India’s commercial realty market has been on an upswing over the past few years. Well-managed, high-quality properties with an average tenancy of three years and nearly 90% stable occupancy have good cash flow visibility. They have, therefore, seen more investments by global private equity (PE) funds. Commercial real estate continues to see positive trajectory with improved profitability and comfortable leverage. Over the next 2-3 years, too, well-managed Grade A properties are likely to see 5-10% escalations per annum.
India’s top 10 commercial real estate owners alone, which include both developers and funds, have a portfolio of around 184 million square feet (msf) translating into an annual lease rental income of over Rs 17,000 crore. The portfolio of steady cash flows has the potential to raise as much as Rs 1.5 lakh crore through the real estate investment trust (REIT) route.
While investor interest in the residential segment is declining fast because of limited property price appreciation and inability to monetise assets, REITs can be a potential investment option, providing assured and ongoing returns. REITs, which invest primarily in completed, income-yielding real estate assets, are similar to mutual funds, and can be listed and traded on stock exchanges. Through REITs, PEs can divest at the portfolio level instead of individual assets. This would sync better with their typical exit timelines of 7-10 years.
Developers stand to benefit as REITs provide higher upfront cash to asset holders, which will help partly ease the pressure on their balance sheets. They can use the divestment proceeds to reduce debt and sustain construction activity. This will also improve their credit profiles, as seen in India’s first REIT, Embassy Office Park REIT – listed in April 2019.
While regulations allow REITs to have a minimum asset valuation of Rs 500 crore, not all commercial portfolio developers/ owners will take the route. Portfolios with minimum rentals of over Rs 1,000 crore, translating into asset valuation of Rs 10,000 crore, which can absorb higher transaction costs and comply with regulations, are more likely to use this option.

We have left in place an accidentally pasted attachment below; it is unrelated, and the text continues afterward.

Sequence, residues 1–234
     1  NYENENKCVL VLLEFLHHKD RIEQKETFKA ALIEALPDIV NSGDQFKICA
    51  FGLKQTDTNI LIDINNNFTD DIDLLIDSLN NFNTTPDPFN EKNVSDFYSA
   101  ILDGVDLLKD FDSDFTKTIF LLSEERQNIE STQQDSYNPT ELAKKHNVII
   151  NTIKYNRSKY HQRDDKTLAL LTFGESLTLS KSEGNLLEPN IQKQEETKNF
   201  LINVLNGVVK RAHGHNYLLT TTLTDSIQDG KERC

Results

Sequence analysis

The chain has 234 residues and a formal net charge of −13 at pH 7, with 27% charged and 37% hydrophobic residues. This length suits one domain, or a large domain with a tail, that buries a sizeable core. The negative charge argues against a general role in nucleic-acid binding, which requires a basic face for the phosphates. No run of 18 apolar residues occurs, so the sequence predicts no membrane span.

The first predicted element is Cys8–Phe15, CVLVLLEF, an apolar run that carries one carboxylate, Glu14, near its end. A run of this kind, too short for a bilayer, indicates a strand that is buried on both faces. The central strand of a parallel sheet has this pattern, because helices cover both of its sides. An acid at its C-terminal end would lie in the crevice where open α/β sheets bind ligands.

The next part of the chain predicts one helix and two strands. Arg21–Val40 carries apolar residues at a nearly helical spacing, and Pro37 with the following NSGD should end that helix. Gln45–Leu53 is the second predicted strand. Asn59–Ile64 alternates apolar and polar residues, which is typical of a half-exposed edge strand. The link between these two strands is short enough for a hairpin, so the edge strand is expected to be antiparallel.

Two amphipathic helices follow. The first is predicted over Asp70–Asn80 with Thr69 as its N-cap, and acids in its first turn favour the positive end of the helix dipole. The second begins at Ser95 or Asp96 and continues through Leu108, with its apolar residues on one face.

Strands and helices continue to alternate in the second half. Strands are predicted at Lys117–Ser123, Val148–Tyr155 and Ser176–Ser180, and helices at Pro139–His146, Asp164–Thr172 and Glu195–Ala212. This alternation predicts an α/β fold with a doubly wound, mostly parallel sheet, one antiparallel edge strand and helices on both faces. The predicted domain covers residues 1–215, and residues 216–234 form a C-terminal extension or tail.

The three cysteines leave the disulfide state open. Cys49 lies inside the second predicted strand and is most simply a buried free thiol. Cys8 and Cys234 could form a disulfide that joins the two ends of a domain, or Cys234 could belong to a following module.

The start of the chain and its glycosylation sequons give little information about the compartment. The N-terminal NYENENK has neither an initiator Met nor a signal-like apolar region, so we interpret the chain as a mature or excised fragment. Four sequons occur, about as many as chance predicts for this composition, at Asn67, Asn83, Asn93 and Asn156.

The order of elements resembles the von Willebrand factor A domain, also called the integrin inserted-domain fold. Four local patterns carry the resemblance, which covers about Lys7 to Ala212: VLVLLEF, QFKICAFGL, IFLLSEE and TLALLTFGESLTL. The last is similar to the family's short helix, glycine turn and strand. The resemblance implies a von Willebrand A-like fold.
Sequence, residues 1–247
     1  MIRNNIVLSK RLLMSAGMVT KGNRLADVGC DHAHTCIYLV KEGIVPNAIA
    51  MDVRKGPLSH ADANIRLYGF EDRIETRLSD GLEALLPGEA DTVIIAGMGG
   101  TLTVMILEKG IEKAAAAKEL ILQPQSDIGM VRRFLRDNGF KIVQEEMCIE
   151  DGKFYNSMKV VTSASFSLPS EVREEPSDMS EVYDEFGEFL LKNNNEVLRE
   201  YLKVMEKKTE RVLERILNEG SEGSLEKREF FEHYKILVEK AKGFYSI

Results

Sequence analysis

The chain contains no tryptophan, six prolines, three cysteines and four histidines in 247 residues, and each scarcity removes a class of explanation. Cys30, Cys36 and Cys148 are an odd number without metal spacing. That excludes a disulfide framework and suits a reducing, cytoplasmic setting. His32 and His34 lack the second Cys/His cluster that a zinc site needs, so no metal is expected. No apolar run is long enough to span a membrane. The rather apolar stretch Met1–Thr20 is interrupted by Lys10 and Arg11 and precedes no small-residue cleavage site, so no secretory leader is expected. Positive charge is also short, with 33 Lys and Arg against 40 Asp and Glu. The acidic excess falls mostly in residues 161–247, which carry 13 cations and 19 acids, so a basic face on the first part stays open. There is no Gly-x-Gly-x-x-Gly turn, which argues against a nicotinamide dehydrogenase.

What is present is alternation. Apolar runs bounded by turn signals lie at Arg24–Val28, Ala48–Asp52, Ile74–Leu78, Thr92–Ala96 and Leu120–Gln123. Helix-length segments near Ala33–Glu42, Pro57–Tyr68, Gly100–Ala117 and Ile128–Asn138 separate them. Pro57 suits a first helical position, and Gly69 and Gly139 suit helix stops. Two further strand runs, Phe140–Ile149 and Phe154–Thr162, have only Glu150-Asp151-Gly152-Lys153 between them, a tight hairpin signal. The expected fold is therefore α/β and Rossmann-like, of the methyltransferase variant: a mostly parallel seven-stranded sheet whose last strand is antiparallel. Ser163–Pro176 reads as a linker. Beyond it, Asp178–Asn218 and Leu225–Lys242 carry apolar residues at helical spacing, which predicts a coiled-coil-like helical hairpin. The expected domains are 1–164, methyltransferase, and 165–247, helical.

REITs account for nearly 50% of the capitalisation of the real estate industry in markets such as Singapore and Japan, where they were introduced nearly two decades ago, while they account for 96% of the market capitalisation in the US which pioneered REITs in 1960s. These trends also underpin the opportunity for India considering the real estate sector’s market capitalisation (cap) of nearly Rs 1.5 lakh crore (ex-REITs). However, lack of incentives or regulatory support, like in Hong Kong, can restrict this growth. REITs were introduced in India in 2014, and over the five years a spate of regulatory changes have made it attractive to developers while also protecting the interests of investors.
However, given the high level of compliance and stringent regulatory requirements for REITs, developers with smaller commercial portfolios would continue to use lease rental discounting loans, which are accessible at rates as low as 9%. Furthermore, developers who prefer to retain the capital appreciation opportunity and not dilute their stake, will not prefer the REIT route.